The best example was Jan. 21—Hockey Day Minnesota. … Xcel Energy Center was the loudest anybody around the team had heard it during a regular season game … ever.

4. Tenaciousness, speed and work ethic:

Through the All-Star break, there arguably wasn’t a more consistent team in the NHL. The Wild had only lost consecutive games in regulation once and lost by more than one goal three times. It was superb at home and the league’s best road team. And frankly, the reason is the Wild routinely outworked almost every opponent it played. They score so much because of relentlessness and tenaciousness, which makes for fast, exciting hockey.

            “These guys we have can all just skate and they get in everybody’s way, and they’re like little gnats,” Boudreau said. “But they’re very, very effective gnats.”

5. Hiring of Scott Stevens:

Other than Boudreau and Staal, the Wild’s next great pickup was Stevens, named in January as of one of the NHL’s greatest 100 players in history.

            The Hall of Fame defenseman, who captained the New Jersey Devils to three Stanley Cup championships and four Finals in a nine-year span, played 22 years for the Capitals, St. Louis Blues and Devils. A Norris Trophy finalist multiple times, Stevens was the 2000 Conn Smythe Trophy winner as playoff MVP and played in 13 All-Star Games. He was one of the heaviest hitters of his era and his knowledge of defense is unsurpassed.

            He immediately commanded respect in the Wild locker room and has done wonders for defensemen like Brodin and the Wild’s penalty kill. He absolutely adores a Wild blue line led by Suter and Jared Spurgeon.

            “I don’t think there’s an awful lot of egos on our team,” Boudreau said. “It’s pretty hard to have an ego when you’ve got a Hall of Fame defenseman with no ego behind the bench working just as hard as any of the players.”

  5 Keys to the Cup

1. Health:

This is paramount. No matter how good the Wild has been this year, injuries can derail everything. Because of the compressed schedule this season due to the World Cup of Hockey before the season and the implementation of “bye weeks,” the Wild play 20 games in the season’s final 35 says.

            That’s a nutty schedule that can cause injuries and fatigue going into the postseason. The Wild must avoid that. Just look at how Parise and Thomas Vanek missing last season’s playoff round against Dallas altered things.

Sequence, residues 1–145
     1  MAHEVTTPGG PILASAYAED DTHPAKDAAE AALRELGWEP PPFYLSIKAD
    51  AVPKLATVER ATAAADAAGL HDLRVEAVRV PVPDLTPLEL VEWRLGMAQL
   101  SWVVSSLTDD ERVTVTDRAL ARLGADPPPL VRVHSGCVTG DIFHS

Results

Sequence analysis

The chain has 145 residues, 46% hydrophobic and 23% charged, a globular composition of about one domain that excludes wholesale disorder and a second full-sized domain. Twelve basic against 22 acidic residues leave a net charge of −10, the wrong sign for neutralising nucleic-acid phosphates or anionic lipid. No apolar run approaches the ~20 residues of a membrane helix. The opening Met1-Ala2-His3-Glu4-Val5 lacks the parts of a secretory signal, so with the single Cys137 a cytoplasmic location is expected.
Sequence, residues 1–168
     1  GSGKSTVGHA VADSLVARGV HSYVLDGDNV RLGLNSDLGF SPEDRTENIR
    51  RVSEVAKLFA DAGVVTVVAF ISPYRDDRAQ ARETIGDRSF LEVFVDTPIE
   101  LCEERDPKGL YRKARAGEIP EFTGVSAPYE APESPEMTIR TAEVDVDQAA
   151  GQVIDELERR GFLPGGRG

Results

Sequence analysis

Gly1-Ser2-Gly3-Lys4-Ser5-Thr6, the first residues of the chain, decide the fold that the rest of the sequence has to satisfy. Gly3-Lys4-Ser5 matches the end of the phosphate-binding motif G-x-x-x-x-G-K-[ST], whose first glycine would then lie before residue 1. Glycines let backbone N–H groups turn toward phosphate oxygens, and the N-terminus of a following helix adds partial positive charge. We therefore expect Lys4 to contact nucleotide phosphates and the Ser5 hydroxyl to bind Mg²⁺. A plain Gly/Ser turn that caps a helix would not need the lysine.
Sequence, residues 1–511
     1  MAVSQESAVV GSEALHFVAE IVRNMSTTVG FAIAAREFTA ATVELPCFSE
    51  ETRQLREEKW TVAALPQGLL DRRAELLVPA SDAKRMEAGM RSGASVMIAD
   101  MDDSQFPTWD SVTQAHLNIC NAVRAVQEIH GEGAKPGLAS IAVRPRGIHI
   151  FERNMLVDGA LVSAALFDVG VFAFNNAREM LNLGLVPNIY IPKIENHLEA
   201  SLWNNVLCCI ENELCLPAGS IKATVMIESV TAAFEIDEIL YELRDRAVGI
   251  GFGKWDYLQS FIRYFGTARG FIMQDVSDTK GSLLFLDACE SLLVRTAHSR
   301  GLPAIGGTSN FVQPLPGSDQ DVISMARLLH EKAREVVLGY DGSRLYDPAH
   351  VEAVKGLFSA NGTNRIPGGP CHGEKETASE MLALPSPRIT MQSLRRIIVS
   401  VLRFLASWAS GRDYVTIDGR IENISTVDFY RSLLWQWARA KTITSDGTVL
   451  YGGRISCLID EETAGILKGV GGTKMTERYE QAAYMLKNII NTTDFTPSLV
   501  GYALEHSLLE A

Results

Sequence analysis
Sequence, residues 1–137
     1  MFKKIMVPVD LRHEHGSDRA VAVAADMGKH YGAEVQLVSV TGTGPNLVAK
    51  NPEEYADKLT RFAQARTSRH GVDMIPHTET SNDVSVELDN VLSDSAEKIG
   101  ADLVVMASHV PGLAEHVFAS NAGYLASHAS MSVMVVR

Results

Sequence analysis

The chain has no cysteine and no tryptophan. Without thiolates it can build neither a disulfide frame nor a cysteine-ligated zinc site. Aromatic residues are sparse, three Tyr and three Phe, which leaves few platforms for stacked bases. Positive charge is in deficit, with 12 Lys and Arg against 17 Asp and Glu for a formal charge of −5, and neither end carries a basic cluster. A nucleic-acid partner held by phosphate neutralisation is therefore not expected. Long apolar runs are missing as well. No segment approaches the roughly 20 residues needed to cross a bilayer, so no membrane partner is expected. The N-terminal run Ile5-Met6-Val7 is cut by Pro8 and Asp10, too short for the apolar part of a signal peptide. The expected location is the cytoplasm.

2. Dubnyk:

As good as Dubnyk has been this regular season, teams cannot travel four playoff rounds without exceptional goaltending. Playing with a broken finger, Dubnyk wasn’t great against the Stars last season and he gave up some tough goals the year before that in the second round to Chicago. The Wild will need stingy goaltending.

3. Balanced scoring:

What has made the Wild so tough to play against this season is the Wild can get scoring from any player and any line. At the All-Star break, the Wild led the league with eight double-digit goal scorers and seven 30-point scorers. That must continue in the postseason.

4. Getting over the Game 7 hump:

If the Wild gets to a Game 7 in any round, Boudreau and the team will have to ignore all the Game 7 talk that will follow Boudreau around until one of his teams gets over the hump. His undoing in Washington and Anaheim was Game 7s. He has lost seven in his career, including four straight with the Ducks.

            The good news? The Wild has never lost a Game 7 in franchise history, several Wild players were part of the Wild’s Game 7 win in 2014 in Colorado, Staal’s biggest win in history was in Game 7 of the 2006 Stanley Cup Final and Stevens has been part of several.

5. Overcome the Chicago demons:

From 2013-15, the Wild was eliminated by the Blackhawks in the playoffs. The Wild is 0-7 in Chicago in the postseason. Its best players seem to have a mental block going up against Patrick Kane, Jonathan Toews, Marian Hossa and Duncan Keith.

            If the Wild wants to get to where it wants to get to this season, it almost surely will have to face the Blackhawks at some point. That’s when we’ll know if there’s really something special going on with this exciting team.

 

Michael Russo covers the Wild and National Hockey League for the Star Tribune. He co-hosts a podcast on mnspn.com and can be heard weekly on KFAN (100.3-FM) and seen throughout the hockey season on Fox Sports North. Follow him on Twitter at @russostrib.